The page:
What to do if you have diarrhea (watery stools)

Diarrhea (watery stools) can reduce the amount of cotrimoxazole that passes from your stomach into your blood. This could result in too little cotrimoxazole in your blood. Frequent diarrhea can also cause you to become dehydrated. This chart will help you decide if you need to contact your transplant team or family doctor for help with managing diarrhea.

Possible side effects of cotrimoxazole

  • Nausea (upset stomach), vomiting (throwing up)
  • Diarrhea (watery stools)
  • Mild headache
  • Rash
  • Skin sensitivity to the sun
  • Tiredness or fatigue – cotrimoxazole can lower your hemoglobin, or red blood cell, count (hemoglobin provides energy to the body)
  • Heavier or longer bleeding from any cuts – cotrimoxazole can lower your platelet count (platelets help stop bleeding)
  • Greater risk of infections – cotrimoxazole lowers your white blood cell count (white blood cells help fight infection), something that is more common than any changes to your red blood cells or platelets
  • Stevens-Johnson syndrome, a rare side effect that involves a type of skin blistering on different tissues in the body

Taking cotrimoxazole with other medicines

Some medicines may change the way cotrimoxazole works in your body. Always call your transplant team before using any new medicines, whether:

  • your doctor prescribes them
  • you buy them "over-the-counter" at a drugstore
  • they are herbal or natural medicines.

How to store cotrimoxazole

  • Keep cotrimoxazole out of reach of any small children.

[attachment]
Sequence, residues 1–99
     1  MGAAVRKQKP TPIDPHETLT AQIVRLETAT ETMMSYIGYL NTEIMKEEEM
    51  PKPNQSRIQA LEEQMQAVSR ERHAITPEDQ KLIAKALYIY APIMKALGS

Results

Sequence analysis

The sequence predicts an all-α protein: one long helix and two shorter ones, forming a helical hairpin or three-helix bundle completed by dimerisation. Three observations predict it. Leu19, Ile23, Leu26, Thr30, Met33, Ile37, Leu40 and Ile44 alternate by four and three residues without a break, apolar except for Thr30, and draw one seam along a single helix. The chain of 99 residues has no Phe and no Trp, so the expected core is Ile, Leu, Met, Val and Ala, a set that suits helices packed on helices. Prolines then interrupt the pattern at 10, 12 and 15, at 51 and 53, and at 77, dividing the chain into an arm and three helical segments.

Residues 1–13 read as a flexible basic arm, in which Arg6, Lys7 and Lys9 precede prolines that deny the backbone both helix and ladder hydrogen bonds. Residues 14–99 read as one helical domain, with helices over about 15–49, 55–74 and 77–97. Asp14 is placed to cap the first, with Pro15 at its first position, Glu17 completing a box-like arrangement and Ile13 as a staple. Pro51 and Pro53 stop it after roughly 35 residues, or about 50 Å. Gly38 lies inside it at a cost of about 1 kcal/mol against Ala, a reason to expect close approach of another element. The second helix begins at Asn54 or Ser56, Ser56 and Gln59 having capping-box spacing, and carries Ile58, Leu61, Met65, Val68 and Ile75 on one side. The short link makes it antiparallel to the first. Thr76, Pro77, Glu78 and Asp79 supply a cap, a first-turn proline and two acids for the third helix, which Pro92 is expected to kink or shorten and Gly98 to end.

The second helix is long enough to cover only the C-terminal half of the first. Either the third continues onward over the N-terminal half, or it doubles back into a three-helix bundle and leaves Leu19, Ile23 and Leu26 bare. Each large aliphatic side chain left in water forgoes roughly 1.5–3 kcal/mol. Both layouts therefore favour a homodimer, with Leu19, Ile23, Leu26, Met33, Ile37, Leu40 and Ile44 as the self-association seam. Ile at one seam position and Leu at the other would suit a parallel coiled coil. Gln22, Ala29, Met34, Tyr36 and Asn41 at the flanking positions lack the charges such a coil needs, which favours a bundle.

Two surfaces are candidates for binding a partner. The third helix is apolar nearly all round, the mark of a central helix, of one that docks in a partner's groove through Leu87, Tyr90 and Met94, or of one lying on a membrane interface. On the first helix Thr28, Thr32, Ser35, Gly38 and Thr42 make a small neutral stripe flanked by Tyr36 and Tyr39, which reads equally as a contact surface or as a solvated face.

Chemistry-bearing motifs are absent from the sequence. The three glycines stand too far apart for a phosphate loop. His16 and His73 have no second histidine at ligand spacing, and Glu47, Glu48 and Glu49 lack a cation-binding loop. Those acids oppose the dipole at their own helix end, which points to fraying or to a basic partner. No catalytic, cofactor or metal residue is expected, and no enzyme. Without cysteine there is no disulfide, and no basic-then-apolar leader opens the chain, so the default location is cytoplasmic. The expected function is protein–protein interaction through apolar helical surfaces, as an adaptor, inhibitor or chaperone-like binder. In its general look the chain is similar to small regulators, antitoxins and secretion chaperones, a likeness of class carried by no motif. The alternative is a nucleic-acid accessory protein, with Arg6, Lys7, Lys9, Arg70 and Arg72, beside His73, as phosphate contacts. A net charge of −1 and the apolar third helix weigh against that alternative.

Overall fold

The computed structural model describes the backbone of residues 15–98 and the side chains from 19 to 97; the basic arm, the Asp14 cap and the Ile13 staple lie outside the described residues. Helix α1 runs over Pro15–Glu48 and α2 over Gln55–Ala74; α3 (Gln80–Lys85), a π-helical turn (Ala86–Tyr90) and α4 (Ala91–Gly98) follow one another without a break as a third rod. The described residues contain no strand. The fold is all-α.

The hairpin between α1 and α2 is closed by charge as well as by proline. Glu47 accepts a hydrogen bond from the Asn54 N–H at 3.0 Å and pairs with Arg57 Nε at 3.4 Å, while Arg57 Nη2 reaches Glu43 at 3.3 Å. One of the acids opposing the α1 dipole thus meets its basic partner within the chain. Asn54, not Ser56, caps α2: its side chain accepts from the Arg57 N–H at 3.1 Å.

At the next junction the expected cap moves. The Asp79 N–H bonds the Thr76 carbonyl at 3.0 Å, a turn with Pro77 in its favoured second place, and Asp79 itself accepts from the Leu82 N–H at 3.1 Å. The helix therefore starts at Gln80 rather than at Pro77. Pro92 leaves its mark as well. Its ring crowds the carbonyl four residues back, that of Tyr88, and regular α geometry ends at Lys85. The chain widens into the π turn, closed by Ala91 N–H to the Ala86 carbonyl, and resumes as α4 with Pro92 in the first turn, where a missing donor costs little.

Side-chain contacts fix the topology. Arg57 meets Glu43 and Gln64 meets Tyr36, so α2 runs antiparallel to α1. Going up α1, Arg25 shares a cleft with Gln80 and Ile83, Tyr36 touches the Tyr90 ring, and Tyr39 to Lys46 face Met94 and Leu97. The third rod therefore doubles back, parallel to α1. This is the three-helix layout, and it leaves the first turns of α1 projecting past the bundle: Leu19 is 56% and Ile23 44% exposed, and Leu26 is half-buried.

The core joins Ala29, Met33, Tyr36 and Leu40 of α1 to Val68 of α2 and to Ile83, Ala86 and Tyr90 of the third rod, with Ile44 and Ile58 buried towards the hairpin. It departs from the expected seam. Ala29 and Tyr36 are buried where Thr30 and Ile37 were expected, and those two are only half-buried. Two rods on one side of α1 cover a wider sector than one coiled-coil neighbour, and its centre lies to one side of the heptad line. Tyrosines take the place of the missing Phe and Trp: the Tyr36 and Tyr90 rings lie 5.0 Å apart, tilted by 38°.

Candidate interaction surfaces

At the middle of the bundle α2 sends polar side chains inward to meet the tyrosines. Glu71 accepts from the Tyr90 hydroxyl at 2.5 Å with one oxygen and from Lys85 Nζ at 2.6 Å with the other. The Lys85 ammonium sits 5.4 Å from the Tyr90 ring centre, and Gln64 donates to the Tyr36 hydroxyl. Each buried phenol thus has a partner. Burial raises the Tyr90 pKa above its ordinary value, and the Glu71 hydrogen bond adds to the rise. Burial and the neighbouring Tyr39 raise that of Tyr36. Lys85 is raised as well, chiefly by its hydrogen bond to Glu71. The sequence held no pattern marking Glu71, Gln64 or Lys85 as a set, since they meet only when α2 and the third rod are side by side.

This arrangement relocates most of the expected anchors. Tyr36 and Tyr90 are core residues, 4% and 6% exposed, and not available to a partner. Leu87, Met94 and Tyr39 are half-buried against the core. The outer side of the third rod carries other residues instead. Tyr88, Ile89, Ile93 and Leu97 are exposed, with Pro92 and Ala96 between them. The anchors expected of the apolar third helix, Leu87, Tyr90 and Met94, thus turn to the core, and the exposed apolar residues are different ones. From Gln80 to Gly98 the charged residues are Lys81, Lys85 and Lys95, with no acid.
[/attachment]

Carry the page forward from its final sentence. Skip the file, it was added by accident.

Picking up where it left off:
• Keep it at room temperature.
  • Store it in a cool, dry place away from sunlight.
  • Never store it in the bathroom or near heat sources in the kitchen.
  • Never store it in the refrigerator or freezer.

Taking cotrimoxazole safely

If you develop a rash, stop taking cotrimoxazole and call the transplant team for advice.

It is important to protect your skin from sun damage when your immune system is weak. Damage to the skin can develop into skin cancer later in life. Cotrimoxazole makes your skin more sensitive to the sun. This means that you will burn more easily!

How the transplant team checks how well cotrimoxazole is working

The transplant team checks for signs of infection. They will also ask you to report any signs or symptoms of infection (for example fever, cough, a burning feeling when you urinate (pee) or shortness of breath).

Other important tips

  • Keep a list of all of your medications in your wallet or purse so you can show it to doctors, nurses and pharmacists when needed.
  • Make sure that your family doctor and dentist know that you are taking cotrimoxazole before you have any treatments.
  • If you are sexually active, be aware that cotrimoxazole could cause birth defects if it is taken at the time of conception or during pregnancy. Always use a condom, not only to prevent pregnancy but also to prevent sexually transmitted infections.

If there comes a time when you want to have a child, you can talk to your transplant team. Changes to your medications may be possible to ensure a safe pregnancy for you and your partner.

What to do if someone else takes your cotrimoxazole

Call your local poison information centre.

If you live in Ontario, call the Ontario Poison Centre. The calls are free.

  • Call 416-813-5900 if you live in Toronto.
  • Call 1-800-268-9017 if you live elsewhere in Ontario.
Last updated: August 6th 2023